“Yo voté para autorizar la huelga por las prácticas laborales injustas porque nuestros empleadores están poniéndole trabas a las propuestas que les hemos presentado las cuales afectan directamente nuestra salud y nuestra posibilidad de poder disfrutar tiempo con nuestras familias.  Estamos haciendo más y más trabajo por menos y menos, al igual que para muchos que viven en Minnesota, a nosotros se nos pone bajo una presión intensa cada noche. Yo limpio un equivalente de más de 20 casas por noche, y eso hizo que me lesionara y eso me duele pues no puedo jugar con mis hijos cuando salgo de trabajar,” dijo Starkweather. “Esto está pasando en todos lados y no está nada bien. Nosotros trabajamos duro y hacemos un buen trabajo, pero estamos luchando para poder tener un volumen de trabajo razonable que nos permita vivir y no solo para poder tratar de sobrevivir. Si nuestros empleadores no quieren tener una conversación real para componer este problema, vamos a tener que ponernos en huelga.”
Junto al grupo de más de 500 trabajadores de la limpieza hubo otros que apoyaron como la Vicegobernadora Tina Smith, quien compartió con los trabajadores de la limpieza palabras de aliento y los elogió por su voto para ira a la huelga y por dirigir la lucha para ayudar a movilizar para que nuestro estado camine en una dirección más justa y más equitativa. “El Gobernador y yo apoyamos su lucha porque sabemos que a veces tenemos que luchar para que se nos trate justamente,” dijo la Vicegobernadora Smith, al dirigirse a los empleados de la limpieza antes del voto para autorizar al Comité de Negociaciones para ir a la huelga por las prácticas laborales injustas.
Los trabajadores de la limpieza han estado negociando con sus empleadores desde octubre y su Contrato Colectivo de Condiciones de Trabajo venció el 31 de diciembre.
Los medios de comunicación cubrieron el evento

Star Tribune – Twin Cities janitors authorize strike if no pact reached by Feb. 14

Workday Minnesota – Twin Cities janitors authorize strike

Pioneer Press – Twin Cities janitors’ union votes to authorize strike if contract isn’t reached soon

Kare 11 – Twin Cities janitors authorize strike vote

CBS – Local SEIU Votes To Strike If Contract Isn’t Reached By Feb. 14

 AP – Twin Cities janitors authorize strike if no contract reached

 

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SEIU Local 26 es el Sindicato de Trabajadores de Servicios a las Propiedades conocido en inglés como Minnesota’s Property Services Union, agrupa a más de 6,000 trabajadores de la limpieza, de la seguridad y a los trabajadores de la limpieza de ventanas en el área metropolitana de las Ciudades Gemelas. SEIU agrupa a nivel nacional a más de 225,000 trabajadores de los servicios incluyendo a más de dos millones de trabajadores de la salud y del sector público.

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Janitors Authorize Strike as Employers Continue to Stall in Contract Negotiations

EN ESPANOL
Joined by community supporters, including Lt. Gov. Tina Smith, janitors continue to lead fight to ‘Reclaim Your Dreams’ and win contract that helps improve racial and economic disparities

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Minneapolis, MN — Janitors with SEIU Local 26 voted today to authorize their bargaining committee to call a unfair labor practice strike as their employers continue to stall and intimidate workers in bargaining over a new contract for the 4,000 janitors in the Twin Cities. Workers have been fighting for a $15 floor for all workers, a fix to a growing workload crisis and policies that support healthy families. In response they have only seen stalling from employers. The bargaining committee announced a Feb. 14th deadline to reach a fair contract that allows for healthy families and strengthens our community by fighting to address income and racial disparities plaguing our state. If a contract agreement is not reached by Feb. 14th, the committee could call a strike at any point going forward.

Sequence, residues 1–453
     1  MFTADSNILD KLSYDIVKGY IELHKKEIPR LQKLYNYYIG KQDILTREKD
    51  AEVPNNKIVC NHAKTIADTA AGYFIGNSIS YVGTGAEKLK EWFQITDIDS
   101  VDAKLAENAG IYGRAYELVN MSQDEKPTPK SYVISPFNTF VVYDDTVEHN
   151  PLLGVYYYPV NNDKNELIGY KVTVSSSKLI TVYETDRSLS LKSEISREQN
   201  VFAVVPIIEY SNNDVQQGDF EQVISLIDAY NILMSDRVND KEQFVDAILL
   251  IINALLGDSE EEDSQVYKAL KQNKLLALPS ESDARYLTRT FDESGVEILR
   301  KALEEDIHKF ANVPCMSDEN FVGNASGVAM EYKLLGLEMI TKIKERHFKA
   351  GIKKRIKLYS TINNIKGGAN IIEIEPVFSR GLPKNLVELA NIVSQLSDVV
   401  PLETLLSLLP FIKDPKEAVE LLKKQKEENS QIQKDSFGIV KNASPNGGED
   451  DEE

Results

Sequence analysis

Adriana Espinosa, a Local 26 member and janitor employed by ABM to clean the Arts Institute, highlighted why she voted “yes” to authorizing an unfair labor practice strike and how a $15 floor being proposed by janitors would help families like hers and bring positive change as our state is facing harrowing racial and economic disparities.

“I voted to authorize an unfair labor practice strike because I am part time, and make $13.16 per hour, and many of my co-workers make as little as $11 per hour. We work incredibly hard, and a $15 minimum wage would mean more stability for my family and would allow us to live, not just survive. We found that raising wages to $15 for all janitors would lead to tens of millions of dollars each year being pumped into communities across the Twin Cities. Janitors with Local 26 are overwhelmingly people of color, which means fair raises for janitors would be going back into areas that have been left behind by our economy for far too long and help boost our economy for all of us,” said Espinosa. “When families have fair pay and decent benefits, it helps to improve our whole community. Winning a fair contract will help the families of Local 26 members, but can also help gain momentum as we fight to close the racial and economic disparities in our state.”

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Another issue that has been brought to the bargaining table by janitors, and ignored or dismissed by employers, was the growing workload facing janitors. Many janitors in the Twin Cities clean the equivalent of more than 20 homes per night, every single day. Elia Starkweather is a janitor and Local 26 member who is sub-contracted to clean the Ameriprise tower in Minneapolis. She has seen the increased workload firsthand, watching staff levels drop and finding herself and her family suffering from the growing pressure.